Snake for adoption
Finding a snake to adopt easy. You’ll find them available for the following reasons:
- It got too large
- Kids lost interest in it
- It has become aggressive
- Lack of time
- Lack of money
- Owner health issues
Then I contact the local . Most people go there to, or cat they also get snakes in from time to time.
Finally a good place to find a snake is a website called where rescues will often list what they have available. You can search by species, location, age, size, and gender.
One thing you’ll probably find in common with all of these place and anywhere else you might look for a snake to adopt is that you’ll see lots of Ball Pythons, Corn Snakes, and Boas that need new homes. There are of course other snakes to be found, but those are the most common that are in need of adoption.Questions to ask when you adopt a snake Having adopted my share of snakes (and other animals) I’ve come to realize it is important to know what you are getting before you agree to take the animal. That’s why it is important to go with a list of questions ready. I like to ask the following: How long have you had the snake? That might not seem important, but someone who claims to have had their animal for any amount of time should be able to give you a lot of information. If they say they’ve only had it for a few days or weeks you’re not going to get very much useful knowledge from them. If on the other hand they’ve had the snake for several years asking some questions could prove worth your while. Where did you get the snake? It’s good to know where the snake came from prior to reaching the most recent owner who you are doing business with. If it came from a breeder you can contact them and maybe establish a relationship. If it came from a pet store at least you’ll know. It’s also quite possible the snake was adopted by this person the same as you are considering doing. How old is the snake? This will help you to gauge how long of a commitment you might be making to the snake. If the snake is only two or three years old you’re looking at twenty plus years, but if it’s 20 or 25 years old the snake is getting along in age. All snakes have various life expectancies so you’ll need to be familiar with the species you are considering. What is the snake eating and when? It’s always best, at least initially, to keep a snake on the same feeding schedule and diet as it is currently on. Being moved to a new place is very stressful to a snake and the less chaos you cause it the better off things will be. What vet do you take the snake to? I’ve only ever once had someone give me an answer to this question. Most people don’t take their snakes to the vet. If possible I like to know who it is so I can find out any health concerns from the vet BEFORE I take it to my vet. Why are you getting rid of the snake? This is perhaps the most important question. The purpose isn’t to pry into someone’s private affairs but to figure out if there is anything that you should be aware of concerning the snake. Maybe it is just too big, or it could be a biter, maybe it has a chronic illness. Whatever the reason it will only make your life easier if you know the answer.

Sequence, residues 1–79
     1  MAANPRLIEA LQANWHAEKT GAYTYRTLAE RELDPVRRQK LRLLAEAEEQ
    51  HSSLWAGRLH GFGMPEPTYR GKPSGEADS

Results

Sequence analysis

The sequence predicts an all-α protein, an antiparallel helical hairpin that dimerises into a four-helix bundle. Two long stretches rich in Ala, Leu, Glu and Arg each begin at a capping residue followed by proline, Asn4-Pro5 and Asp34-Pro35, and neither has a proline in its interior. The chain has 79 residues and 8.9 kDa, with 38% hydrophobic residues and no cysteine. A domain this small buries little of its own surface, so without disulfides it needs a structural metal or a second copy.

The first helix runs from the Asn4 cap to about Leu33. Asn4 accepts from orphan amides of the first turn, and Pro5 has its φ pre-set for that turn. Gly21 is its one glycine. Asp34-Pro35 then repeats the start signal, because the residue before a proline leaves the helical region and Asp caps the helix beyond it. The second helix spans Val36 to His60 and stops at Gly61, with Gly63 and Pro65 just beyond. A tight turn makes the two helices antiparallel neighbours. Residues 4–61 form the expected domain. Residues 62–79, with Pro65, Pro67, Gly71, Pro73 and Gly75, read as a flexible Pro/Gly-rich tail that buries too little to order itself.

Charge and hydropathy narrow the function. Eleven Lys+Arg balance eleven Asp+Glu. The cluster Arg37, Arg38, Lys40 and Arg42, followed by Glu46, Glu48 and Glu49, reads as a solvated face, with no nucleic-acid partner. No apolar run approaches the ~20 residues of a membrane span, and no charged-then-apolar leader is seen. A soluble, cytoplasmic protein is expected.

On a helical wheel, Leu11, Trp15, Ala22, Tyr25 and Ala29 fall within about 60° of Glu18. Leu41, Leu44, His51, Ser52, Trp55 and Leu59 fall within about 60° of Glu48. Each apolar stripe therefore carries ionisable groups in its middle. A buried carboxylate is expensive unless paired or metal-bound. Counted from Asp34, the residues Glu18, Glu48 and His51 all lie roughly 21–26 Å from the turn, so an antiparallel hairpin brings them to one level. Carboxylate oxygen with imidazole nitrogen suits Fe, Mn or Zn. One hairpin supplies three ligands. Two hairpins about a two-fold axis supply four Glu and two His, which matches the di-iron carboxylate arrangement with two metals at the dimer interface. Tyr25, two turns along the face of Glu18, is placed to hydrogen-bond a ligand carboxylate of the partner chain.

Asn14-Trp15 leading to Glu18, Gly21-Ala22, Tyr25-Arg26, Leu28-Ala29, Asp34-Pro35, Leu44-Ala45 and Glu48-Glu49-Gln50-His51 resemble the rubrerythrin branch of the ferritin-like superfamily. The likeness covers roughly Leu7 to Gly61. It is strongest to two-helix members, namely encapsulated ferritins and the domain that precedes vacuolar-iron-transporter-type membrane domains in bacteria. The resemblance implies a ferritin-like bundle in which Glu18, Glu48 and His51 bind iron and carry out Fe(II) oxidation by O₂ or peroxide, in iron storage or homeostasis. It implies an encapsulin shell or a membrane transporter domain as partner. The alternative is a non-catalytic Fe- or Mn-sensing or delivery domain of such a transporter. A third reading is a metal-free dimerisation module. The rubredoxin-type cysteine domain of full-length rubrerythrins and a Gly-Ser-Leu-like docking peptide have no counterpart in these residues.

There are many more questions you could ask so the best thing to do is draw up a list of questions you think are important so they are ready when it comes time to start asking them.Before you pick the snake up Just like when you buy a new snake from a breeder there are some things you need to have in order before you get it.
- Housing should be setup and ready to go
- Have food on hand or a local source of food
- Care sheets for the snake you are getting if you aren’t familiar with them
- Online resources to help you as needed
- A vet you can contact “just in case”
Once you’ve found the snake you want to adopt, made the necessary arrangements, and put everything in order then and only then is it time to get the snake. Go pick it up (or whatever arrangements you’ve made) and give it a good home.